The agencies constructed a schedule for Bruce Ivins. This schedule indicated that he worked for more than double his overtime in the months preceding the attacks. This gave him sufficient time to experiment with and prepare the anthrax spores in time for the attacks. Laboratory records also showed that the only flask containing anthrax spores was under Dr. Ivin’s care and he worked unsupervised. These factors together with his suicide which could have been an act of guilt led to his being declared the sole suspect for the investigation in 2008.
The destinations to which the contaminated letters had been sent had to be cleaned up with chlorine dioxide gas. This was a costly exercise and cost up to $1billion. One media house had to relocate. The cleaning was time-consuming and it took up to 26 months per building. Some of the victims never fully recovered from the attacks, reporting instances of fatigue, and loss of memory (United States Department of Justice, 2010).
There were more than 1000 suspects at the beginning of the investigation. The FBI and DOJ were trying to catch the perpetrator of this crime and establish the motive. Several times they were misled by copycat criminals who sent similar letters. However, eventually, all the evidence pointed to Dr. Ivins. The Doctor’s wife also ran a day-care center for children under 6 years. The handwriting on the letters resembled a child’s and the doctor could easily have got one of the day-care children to write the letters before photocopying them. Though the agencies finally concluded that Dr. Ivins was the perpetrator, they will never know why he committed the crime.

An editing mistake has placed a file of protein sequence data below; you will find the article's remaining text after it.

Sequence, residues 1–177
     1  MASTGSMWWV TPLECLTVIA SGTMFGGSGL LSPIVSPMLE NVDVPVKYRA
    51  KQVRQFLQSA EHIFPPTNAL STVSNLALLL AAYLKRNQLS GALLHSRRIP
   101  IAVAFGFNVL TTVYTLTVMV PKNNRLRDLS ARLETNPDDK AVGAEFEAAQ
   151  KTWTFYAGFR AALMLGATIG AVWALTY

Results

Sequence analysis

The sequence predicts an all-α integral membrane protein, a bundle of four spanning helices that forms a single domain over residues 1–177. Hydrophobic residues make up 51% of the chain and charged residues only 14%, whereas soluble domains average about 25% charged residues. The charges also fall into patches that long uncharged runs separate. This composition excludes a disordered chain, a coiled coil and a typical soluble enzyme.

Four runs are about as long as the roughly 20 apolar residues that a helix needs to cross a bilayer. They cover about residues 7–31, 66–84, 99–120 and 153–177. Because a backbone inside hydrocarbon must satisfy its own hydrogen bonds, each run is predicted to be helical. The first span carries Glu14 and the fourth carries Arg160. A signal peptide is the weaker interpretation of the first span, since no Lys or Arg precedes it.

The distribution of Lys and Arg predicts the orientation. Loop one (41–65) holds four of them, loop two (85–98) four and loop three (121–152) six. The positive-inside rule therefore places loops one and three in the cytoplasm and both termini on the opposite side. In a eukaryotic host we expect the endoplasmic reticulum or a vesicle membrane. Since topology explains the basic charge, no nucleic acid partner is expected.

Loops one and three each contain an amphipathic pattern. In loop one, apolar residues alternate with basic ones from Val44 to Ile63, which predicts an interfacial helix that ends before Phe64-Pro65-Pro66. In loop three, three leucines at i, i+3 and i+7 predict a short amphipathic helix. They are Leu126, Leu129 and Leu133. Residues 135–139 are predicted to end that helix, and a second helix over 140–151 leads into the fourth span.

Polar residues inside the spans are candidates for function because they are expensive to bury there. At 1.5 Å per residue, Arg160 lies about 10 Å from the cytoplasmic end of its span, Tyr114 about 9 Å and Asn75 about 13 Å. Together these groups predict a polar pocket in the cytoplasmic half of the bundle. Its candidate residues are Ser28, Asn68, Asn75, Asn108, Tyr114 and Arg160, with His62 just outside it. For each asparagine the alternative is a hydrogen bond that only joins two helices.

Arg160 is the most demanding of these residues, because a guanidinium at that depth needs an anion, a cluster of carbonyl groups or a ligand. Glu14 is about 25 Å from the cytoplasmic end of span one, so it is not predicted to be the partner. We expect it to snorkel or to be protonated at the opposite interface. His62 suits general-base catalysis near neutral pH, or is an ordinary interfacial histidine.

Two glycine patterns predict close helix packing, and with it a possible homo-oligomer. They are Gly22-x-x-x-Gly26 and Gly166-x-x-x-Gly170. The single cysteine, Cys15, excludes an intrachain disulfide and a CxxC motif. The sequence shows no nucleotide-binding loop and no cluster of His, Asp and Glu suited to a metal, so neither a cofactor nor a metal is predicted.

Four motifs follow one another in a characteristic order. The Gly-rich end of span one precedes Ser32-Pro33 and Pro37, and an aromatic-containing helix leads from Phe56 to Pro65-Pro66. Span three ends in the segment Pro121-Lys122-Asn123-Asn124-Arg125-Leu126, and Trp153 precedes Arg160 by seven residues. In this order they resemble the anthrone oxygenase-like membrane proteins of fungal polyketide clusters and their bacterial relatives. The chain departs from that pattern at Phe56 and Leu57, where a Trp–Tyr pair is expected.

The Federal Bureau of Investigation worked alongside several other agencies in this case. The National Academy of Sciences reviewed the scientific methods used by the FBI in analyzing the spore samples. The latter agency is a branch of The National Research Council. The U.S Postal Inspection Service assisted in checking the mail in the postal system for traces of anthrax. The Department of Justice also provided some full-time detectives to assist in the case (Analysts, Massachusetts Association of Crime, 2008).
There are still some questions left unanswered though the case was formally closed. There are speculations as to whether the White House had intelligence concerning the attacks well in advance. This is because all the staff in the White House was put on a compulsory antibiotic two weeks before the attacks began. This was a preventive measure of some sort. However, no evidence to support this allegation has been uncovered yet. Therefore, Americans can only believe the FBI’s report and hope this never happens again (Federal Bureau of Investigation, 2010).
Analysts, Massachussets Association of Crime. (2008). Introduction to Crime Analysis. Web.
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Federal Bureau of Investigation. (2010). FBI Official Website. Web.
Gottlieb, S. L., Arenberg, S., & Singh, R. (1994). Crime Analysis : From First Report to Final Arrest. Montclair: Alpha Publishing.
United States Department of Justice. (2010). Department of Justice. Web.